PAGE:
The European Commission has given new guidance on the interpretation of EU cabotage regulation, which allows contracts of up to 12 years instead of the current six years, according to trade organisation Maritime London.
The EC statement explains: “With the new guidance competent authorities will have more legal certainty when awarding public service contracts and imposing public service obligations. Shipowners will also benefit from more legal clarity, allowing them to better organise their business in Europe.”
It says that the updated guidelines provide further clarifications on:
- The scope of the freedom to provide services in the maritime cabotage sector (who enjoys that freedom and which services the regulation covers)
- The award procedure for public service contracts and the duration of these contracts
- The manning rules on vessels providing maritime cabotage
• Transitional arrangements for Croatia
According to the statement, the main change in the Commission's interpretation relates to the duration of public service contracts. It says that public service contracts should have a limited duration in order to allow regular and open prospecting of the market. With a view to complying with the principle of proportionality in any market intervention, member states should choose the least 'distortional' means to meet essential maritime transport needs.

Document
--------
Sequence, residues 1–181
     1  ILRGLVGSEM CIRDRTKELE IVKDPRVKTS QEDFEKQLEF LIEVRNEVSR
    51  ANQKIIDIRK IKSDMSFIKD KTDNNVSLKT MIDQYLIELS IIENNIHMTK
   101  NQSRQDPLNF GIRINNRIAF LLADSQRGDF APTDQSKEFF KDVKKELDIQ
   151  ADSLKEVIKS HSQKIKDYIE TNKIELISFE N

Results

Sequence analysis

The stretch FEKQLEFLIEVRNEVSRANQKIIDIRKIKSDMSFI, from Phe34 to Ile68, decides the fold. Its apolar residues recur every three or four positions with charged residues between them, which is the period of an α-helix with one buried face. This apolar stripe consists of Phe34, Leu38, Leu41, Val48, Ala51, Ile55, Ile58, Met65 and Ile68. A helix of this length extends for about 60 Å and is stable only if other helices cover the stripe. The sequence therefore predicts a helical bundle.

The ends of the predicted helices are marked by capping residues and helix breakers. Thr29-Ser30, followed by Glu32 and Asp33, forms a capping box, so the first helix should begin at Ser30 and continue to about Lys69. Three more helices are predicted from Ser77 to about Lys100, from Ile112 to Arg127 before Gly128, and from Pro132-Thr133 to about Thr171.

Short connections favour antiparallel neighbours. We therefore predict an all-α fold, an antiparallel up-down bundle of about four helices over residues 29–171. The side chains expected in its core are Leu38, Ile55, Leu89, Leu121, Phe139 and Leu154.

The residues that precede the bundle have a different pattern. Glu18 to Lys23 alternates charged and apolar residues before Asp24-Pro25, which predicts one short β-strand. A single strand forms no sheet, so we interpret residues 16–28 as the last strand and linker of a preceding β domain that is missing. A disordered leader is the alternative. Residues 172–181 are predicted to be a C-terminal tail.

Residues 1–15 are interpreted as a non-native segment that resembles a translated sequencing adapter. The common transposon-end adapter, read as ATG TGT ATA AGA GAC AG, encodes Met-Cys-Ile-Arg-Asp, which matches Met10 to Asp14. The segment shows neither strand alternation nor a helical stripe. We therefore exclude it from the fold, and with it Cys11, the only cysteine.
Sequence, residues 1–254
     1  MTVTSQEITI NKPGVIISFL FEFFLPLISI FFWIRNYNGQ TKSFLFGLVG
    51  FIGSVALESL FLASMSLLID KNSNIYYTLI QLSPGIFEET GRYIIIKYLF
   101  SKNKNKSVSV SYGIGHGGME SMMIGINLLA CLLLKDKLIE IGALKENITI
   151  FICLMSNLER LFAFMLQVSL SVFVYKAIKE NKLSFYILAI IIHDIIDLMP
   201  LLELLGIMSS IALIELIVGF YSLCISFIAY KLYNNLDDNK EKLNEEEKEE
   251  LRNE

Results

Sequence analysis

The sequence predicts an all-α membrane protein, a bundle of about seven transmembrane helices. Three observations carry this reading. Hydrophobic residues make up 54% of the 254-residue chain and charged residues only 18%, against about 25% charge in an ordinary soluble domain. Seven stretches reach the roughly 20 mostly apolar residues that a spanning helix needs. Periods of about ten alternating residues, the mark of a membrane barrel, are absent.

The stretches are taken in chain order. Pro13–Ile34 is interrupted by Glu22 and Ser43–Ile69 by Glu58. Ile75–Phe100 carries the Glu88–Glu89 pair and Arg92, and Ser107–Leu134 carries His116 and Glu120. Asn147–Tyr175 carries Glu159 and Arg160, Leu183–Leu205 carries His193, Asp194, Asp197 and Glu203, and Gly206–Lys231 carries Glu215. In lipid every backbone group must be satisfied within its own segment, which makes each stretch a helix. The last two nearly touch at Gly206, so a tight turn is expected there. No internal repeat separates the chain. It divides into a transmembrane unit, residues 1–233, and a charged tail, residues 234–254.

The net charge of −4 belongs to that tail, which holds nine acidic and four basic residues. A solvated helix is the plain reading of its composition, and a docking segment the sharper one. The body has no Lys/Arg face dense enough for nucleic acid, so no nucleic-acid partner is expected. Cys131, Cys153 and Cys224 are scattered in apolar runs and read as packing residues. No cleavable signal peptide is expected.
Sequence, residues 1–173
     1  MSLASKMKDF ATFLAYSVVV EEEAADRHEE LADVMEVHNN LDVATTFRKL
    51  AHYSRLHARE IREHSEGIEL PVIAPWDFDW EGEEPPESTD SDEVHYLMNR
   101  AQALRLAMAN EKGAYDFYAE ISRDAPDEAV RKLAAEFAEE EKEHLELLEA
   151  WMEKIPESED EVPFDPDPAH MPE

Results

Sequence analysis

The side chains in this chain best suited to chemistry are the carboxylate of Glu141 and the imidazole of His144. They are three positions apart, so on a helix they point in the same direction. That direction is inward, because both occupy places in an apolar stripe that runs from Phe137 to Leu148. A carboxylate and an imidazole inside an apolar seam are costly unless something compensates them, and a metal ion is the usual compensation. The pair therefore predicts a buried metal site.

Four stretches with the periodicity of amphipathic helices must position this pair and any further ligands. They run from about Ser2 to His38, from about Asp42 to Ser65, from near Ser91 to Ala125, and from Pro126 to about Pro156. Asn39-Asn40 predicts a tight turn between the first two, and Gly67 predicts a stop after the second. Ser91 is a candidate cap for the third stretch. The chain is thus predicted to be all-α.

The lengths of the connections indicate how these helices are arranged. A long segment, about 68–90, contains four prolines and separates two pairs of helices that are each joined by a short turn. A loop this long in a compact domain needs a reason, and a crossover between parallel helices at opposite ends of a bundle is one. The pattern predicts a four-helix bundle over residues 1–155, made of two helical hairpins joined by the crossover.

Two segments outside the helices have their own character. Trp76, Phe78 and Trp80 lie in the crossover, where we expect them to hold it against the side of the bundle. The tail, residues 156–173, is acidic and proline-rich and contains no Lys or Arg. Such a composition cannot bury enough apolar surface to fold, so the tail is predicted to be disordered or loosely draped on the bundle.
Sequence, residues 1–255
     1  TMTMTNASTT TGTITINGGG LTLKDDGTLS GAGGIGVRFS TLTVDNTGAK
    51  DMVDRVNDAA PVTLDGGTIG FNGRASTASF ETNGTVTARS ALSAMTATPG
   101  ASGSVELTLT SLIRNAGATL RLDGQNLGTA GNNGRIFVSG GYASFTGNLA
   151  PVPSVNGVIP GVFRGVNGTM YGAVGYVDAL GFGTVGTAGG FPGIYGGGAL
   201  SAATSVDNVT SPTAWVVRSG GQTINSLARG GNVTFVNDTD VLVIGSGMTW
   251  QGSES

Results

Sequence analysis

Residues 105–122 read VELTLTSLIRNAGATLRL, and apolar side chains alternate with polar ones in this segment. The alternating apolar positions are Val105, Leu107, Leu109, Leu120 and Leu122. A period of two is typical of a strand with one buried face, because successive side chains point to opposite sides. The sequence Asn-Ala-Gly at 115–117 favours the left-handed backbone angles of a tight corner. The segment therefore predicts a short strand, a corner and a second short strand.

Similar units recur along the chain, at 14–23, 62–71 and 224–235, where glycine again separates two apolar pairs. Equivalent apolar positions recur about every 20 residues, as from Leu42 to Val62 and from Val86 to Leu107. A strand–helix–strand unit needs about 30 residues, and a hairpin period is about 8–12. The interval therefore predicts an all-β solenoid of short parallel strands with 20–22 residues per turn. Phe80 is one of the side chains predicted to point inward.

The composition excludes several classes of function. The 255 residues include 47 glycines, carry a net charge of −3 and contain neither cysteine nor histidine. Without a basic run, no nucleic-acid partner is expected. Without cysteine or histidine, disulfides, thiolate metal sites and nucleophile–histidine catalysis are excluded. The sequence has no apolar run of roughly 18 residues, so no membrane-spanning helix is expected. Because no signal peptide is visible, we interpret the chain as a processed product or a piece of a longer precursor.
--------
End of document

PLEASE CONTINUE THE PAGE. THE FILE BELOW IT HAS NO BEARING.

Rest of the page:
It adds: “In its interpretative Communication of 2003 the Commission allowed public service contracts of up to six years. However, the Commission's experience since 2003 has shown that in some cases the six years limit puts shipowners off bidding as they consider this duration to be too short to recoup the investments in the operation of the service. Likewise, contracts of short duration might discourage shipowners from making more substantial investments, thus hampering innovation and possible improvements in the quality of the service.”
The new guidelines say that public service contracts lasting up to 12 years can “meet the proportionality requirement provided that they are justified by objective criteria, such as the need to recoup the investments made in operating the maritime cabotage service under normal operating conditions (e.g. investments in vessels or infrastructure)”.
Source: Maritime London